(above) This is an (older) map of Alandar. I’m pointing at Illin, the location for my award-winning story. If I move my finger three inches up, I’ll be in the general vicinity of where Tyvian is causing trouble in THE OLDEST TRICK.
Picture me: I’m nine years old, lying on my back beneath the skylight in my bedroom, rough carpet biting into my shoulders. I’m reading The Hobbit, enthralled. It’s summer. My mom is somewhere downstairs, yelling for me to get outside and play. I pretend I don’t hear her. I’m not there, you see. I’m in Mirkwood, starving with the dwarves and stumbling after elfish feasts in the dark. The last thing I want to do is go outside and play.
When I was a kid, I started making up imaginary places. Even before I read Tolkien, I was constructing cosmologies for my He-Man figures and establishing a chain of command among my stuffed animals. At the beach, the sand castles I built each had a story to them. They got names: Rampartiste, Gondria, Trudéal. I was the kid who wondered at the economic structure of Candy Land—did they eat it? Was the candy in the landscape distinct from the candy that made up their bodies? Did anybody ever get eaten and, if so, what was the punishment?
I was a weird kid. I know.
Fast-forward to 1991. A friend of mine is telling me about this game called Dungeons and Dragons. “Is it like a video game?” I asked, trying to wrap my head around it.
“No! You just write up your character on a sheet of paper and then somebody is the Dungeon Master.”
That piqued my interest. “What’s the Dungeon Master do?”
“He makes up the world and the monsters and stuff. Then you go and fight them.”
Makes up the world, you say? At that point, I had notebooks full of video games I wanted to create, primarily because those were the only things I knew how to script (level-boss-level-boss—a pretty simple plot). I tossed them away and started writing my own Dungeons and Dragons world. My parents gave me a copy of the 2nd Edition Advanced Dungeons and Dragons Player’s Handbook for my 13th birthday. That book changed my life.
Dungeons and Dragons carried me along my obsession with building worlds until I got old enough to realize I couldn’t make a living playing D&D (at least, I don’t think so. If anybody has any hot leads, let me know). So, how did a fellow make a living creating stories and worlds? After some trial and error (tried acting, directing, and a bunch of theater stuff), I settled on writing science fiction and fantasy. Mostly fantasy.
I have always thought of myself as more of a novelist. Novels were what I grew up reading, and novels were what I wanted to write. When I got out of college, I rejected the prospect of a stable career teaching high school English and, instead, flung myself into writing novels, figuring I could make a living at it after a few years.
Okay, you can stop laughing now. No, seriously. Cut it out.
Anyway, after getting my MFA in Creative Writing from Emerson College in Boston, I started to figure out that short fiction could give me the ability to hone my craft more effectively. It also could give me the opportunity to submit more work and possibly get some publishing credits that might help me towards my eventual goal of being a novelist. I put the novels on hold for a bit and threw myself into short fiction.“A Revolutionary’s Guide to Practical Conjuration” was probably my tenth entry into the Writers of the Future Contest (before my win, I got one Honorable Mention, two Semifinalists, and a Finalist finish). The story is set in a world I’ve been creating for years and is far, far bigger than just the city of Illin. The challenge for me was getting the giant, sweeping landscapes of my imagination to fit into a short story. Abe’s story is part of a larger tapestry, but the story also needs to stand on its own. That took some doing. When I sent it into the contest, I was on the verge of trunking it—I didn’t think it worked. Shows what I know.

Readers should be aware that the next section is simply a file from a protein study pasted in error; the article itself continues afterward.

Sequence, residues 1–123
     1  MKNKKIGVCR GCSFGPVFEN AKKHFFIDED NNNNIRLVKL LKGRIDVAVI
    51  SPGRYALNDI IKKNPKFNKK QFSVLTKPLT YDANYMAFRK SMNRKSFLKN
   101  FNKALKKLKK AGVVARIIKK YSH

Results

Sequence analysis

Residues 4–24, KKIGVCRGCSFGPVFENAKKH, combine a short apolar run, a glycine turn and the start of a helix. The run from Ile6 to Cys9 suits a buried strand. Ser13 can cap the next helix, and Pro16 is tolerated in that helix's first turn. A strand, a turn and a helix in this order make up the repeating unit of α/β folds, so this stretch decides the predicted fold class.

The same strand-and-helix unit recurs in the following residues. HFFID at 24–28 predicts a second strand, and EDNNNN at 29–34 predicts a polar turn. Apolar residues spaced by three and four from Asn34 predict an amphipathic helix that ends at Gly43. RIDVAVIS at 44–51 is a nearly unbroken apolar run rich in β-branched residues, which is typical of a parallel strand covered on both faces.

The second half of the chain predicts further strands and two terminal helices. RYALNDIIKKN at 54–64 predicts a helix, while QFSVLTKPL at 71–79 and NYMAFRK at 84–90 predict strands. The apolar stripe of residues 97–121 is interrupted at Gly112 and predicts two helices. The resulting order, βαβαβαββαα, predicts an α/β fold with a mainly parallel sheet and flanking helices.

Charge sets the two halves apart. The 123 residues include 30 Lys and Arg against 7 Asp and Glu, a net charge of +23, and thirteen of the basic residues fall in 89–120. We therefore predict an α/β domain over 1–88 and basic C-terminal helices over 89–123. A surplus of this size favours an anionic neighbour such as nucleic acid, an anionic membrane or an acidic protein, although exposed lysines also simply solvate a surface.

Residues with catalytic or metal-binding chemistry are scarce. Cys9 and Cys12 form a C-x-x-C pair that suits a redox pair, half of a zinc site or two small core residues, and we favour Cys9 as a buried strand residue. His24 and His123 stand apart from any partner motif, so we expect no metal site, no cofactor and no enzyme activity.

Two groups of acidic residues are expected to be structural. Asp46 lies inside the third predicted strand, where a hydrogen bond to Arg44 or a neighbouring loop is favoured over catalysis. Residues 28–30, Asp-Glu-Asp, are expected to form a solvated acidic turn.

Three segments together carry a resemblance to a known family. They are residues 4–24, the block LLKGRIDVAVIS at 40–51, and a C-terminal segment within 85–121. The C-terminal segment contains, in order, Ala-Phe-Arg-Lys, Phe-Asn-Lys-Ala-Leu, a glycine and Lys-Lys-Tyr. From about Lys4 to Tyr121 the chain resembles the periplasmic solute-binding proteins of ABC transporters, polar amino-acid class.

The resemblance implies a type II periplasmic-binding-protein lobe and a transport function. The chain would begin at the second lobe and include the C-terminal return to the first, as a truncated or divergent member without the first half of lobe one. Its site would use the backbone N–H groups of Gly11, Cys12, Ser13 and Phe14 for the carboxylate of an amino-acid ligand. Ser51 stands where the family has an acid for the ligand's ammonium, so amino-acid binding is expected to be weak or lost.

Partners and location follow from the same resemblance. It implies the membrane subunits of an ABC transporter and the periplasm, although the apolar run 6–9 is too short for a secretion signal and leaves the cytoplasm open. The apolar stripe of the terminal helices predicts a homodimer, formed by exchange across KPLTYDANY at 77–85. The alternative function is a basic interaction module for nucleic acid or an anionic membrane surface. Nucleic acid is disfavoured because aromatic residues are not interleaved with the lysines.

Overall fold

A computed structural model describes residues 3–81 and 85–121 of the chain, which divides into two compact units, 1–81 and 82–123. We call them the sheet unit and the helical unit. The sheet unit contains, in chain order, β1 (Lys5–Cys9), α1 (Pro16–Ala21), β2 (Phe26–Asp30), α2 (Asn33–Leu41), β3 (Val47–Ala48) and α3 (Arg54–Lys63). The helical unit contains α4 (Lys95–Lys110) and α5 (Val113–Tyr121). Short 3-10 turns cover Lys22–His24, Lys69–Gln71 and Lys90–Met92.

Meanwhile, the week before I found out I won the Contest, I was offered a three-book deal through Harper Voyager. The last year has been a whirlwind of writing, deadlines, and learning the publishing industry in a very hands-on, no-holds-barred kind of way. The contest win has been a vital part of what success I have had thus far, and will continue to guide me in the future.
An omnibus of my first two books, called The Oldest Trick, releases on this August 11th (in e-book form). I am currently working on the fourth book in the series and, in the photo, you can see the wall of index cards in my office I used in the final stages of editing the third book. I’m off and rolling and I don’t intend to stop, and the Writers of the Future Contest has given me an edge in the business that is frankly irreplaceable. For that, I am eternally grateful.Guest Writer post by Auston Habershaw
Writers of the Future Contest Winner
Author of “A Revolutionary’s Guide to Practical Conjuration”
available in Writers of the Future Volume 31 Share this: